Plenty of interest to serve on Dayton's bullying task forceby Tom Weber, Minnesota Public Radio
St. Paul, Minn. — More than 60 people so far have applied for a task force that will study bullying in Minnesota schools.
Task force members will study bullying laws and policies, take input from experts and make recommendations on how the state can address bullying in schools. Gov. Mark Dayton created the panel last month.
The panel will include three state commissioners, four legislators, and up to eight other people chosen by the governor. At least 61 people have applied for those spots, including former House speaker and retired superintendent Dave Jennings, Julie Hertzog, who directs the PACER Center's National Bullying Prevention Center, and Tammy Aaberg, a bully prevention advocate whose son, Justin, committed suicide last year. Applicants also include parents, school teachers, social workers, administrators and support staff — and two high school students.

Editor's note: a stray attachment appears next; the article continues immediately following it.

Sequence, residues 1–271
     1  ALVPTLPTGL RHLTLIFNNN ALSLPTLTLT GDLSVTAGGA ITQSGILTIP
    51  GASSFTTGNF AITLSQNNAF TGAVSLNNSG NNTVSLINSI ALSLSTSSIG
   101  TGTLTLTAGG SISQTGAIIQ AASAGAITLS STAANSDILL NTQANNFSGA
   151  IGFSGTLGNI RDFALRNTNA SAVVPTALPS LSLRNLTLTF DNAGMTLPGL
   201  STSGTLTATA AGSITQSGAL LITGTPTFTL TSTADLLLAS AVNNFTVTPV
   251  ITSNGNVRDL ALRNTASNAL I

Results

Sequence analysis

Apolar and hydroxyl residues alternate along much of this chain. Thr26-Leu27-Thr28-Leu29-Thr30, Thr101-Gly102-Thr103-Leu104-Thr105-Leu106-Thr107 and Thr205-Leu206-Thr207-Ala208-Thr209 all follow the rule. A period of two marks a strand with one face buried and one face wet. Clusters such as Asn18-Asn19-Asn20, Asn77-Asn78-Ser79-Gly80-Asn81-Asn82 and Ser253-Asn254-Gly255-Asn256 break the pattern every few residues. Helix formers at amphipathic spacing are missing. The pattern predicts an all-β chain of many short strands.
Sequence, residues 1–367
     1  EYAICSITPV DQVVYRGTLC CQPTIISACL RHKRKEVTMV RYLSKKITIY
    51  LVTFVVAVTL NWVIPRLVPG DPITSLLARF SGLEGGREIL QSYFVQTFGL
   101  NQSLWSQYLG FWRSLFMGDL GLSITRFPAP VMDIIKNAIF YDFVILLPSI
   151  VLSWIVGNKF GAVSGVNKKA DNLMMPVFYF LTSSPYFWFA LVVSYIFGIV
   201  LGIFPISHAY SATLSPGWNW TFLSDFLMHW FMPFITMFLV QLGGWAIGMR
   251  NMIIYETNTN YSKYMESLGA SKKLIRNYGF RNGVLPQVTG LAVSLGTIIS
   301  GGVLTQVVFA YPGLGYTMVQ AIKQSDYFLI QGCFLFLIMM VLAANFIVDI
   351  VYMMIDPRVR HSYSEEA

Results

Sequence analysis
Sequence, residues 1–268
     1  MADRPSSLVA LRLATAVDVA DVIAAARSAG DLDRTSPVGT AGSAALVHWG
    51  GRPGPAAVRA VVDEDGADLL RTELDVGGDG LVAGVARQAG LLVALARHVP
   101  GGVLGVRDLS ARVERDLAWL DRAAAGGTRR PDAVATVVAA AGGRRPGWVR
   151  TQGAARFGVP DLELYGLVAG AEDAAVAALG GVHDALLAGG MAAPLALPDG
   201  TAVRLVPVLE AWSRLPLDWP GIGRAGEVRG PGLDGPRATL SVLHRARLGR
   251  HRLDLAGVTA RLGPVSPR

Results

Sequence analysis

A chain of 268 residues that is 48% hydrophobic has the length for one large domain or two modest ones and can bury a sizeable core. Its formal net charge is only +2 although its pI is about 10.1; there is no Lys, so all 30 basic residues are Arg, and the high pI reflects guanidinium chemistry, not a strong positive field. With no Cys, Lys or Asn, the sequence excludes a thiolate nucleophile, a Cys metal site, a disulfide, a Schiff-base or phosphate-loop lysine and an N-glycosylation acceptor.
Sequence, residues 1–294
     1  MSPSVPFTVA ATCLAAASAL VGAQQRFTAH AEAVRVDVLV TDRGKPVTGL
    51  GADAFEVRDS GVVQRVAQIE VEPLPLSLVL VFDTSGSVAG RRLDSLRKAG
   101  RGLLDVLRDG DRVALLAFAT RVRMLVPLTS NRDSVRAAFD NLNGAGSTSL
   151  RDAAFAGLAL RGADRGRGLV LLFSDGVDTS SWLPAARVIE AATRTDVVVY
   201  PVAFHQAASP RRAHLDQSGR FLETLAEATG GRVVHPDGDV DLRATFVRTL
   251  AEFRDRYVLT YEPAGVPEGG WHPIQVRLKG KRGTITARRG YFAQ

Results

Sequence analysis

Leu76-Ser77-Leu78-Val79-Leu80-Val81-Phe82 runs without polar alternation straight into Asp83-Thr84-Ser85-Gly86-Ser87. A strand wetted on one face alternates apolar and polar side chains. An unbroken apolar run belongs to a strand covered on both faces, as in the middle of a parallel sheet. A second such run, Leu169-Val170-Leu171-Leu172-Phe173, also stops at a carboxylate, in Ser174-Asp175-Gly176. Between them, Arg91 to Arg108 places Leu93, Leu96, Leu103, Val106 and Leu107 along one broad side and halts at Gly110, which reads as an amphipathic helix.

Several applications detail either personal past experience with bullying, or the bullying the applicant's children are enduring.
The panel must complete its work by next August.